The Tennessee Valley Authority (TVA) and Southern Co. (NYSE: SO) subsidiary Georgia Power started commercial operation of major new combined-cycle gas power plants during April, according to a FERC staff report.
TVA’s 880-MW John Sevier combined-cycle facility near Rogersville, Tenn., entered service during April. This new plant will help replace two of the four coal units at the John Sevier fossil plant that are being idled at the end of the year in order to meet federal pollution standards.
That’s according to the monthly infrastructure report from FERC’s Office of Energy Projects.
The same report, recently posted on FERC’s web site, also noted that Georgia Power’s second 840-MW natural gas combined-cycle unit has come online at the McDonough-Atkinson station in Smyrna, Ga. “The first unit came online in December 2011 and the third unit is currently under construction with expected operational date in November 2012. These new units are replacement for two retired coal units,” the FERC staff reported.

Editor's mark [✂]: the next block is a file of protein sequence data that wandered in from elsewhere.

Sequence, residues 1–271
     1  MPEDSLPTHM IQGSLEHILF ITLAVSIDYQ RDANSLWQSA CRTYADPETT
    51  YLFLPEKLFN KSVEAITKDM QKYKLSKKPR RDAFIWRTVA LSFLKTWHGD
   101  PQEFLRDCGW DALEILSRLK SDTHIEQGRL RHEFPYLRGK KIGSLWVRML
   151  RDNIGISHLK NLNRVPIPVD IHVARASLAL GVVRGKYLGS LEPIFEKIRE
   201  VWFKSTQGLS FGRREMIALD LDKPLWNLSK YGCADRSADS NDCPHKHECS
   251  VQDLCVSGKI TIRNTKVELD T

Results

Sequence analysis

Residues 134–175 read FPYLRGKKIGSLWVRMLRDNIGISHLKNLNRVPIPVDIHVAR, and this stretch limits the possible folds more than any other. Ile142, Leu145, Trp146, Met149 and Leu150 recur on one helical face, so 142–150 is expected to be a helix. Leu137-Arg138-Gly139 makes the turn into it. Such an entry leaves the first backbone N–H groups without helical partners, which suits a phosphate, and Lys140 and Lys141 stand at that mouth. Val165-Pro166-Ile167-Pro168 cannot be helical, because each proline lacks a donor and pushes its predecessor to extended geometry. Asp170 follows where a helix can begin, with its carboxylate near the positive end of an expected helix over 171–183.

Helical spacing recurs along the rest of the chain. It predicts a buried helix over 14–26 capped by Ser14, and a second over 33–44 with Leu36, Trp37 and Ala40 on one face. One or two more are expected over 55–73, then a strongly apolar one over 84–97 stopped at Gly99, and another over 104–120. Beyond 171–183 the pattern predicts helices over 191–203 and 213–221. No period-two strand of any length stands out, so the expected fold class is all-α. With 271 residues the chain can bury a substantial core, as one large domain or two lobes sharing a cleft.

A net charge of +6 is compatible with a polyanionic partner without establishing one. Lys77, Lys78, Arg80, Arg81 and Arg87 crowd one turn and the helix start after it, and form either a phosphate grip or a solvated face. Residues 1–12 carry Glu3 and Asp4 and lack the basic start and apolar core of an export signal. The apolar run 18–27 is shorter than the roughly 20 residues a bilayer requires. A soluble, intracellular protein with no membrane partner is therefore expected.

Sacramento Municipal Utility District’s (SMUD) 128-MW Solano Wind Phase 3 near Rio Vista, Calif., appears to be the largest wind project deployed during April. Phase 3 consists of 55 Vestas turbines and completes SMUD’s wind expansion project in Solana County, with a total of 229 MW. SMUD was the first large California utility to have 20% of its power coming from renewable energy, SMUD said in a May 10 news release.
EverPower’s 75-MW Highland North wind project in Cambria County, Pa., entered service. The project consists of 30 2.5 MW Nordex turbines. EverPower’s first wind project in Cambria County, the 62-MW Highland Wind, came online in 2009. The electricity generated supplies FirstEnergy Solutions, an affiliate of FirstEnergy (NYSE: FE).
There were a number of solar projects to come online during April, including Cathartes Private Investments’ and Nexamp’s roughly 4 MW Westford Solar Park in Westford, Mass. This is New England’s largest privately owned solar power facility, with 14,000 photovoltaic panels. The electricity generated is contracted to National Grid. Nationally, FERC cited 1,948 MW of generating capacity installed during April, with none of it involving coal or nuclear.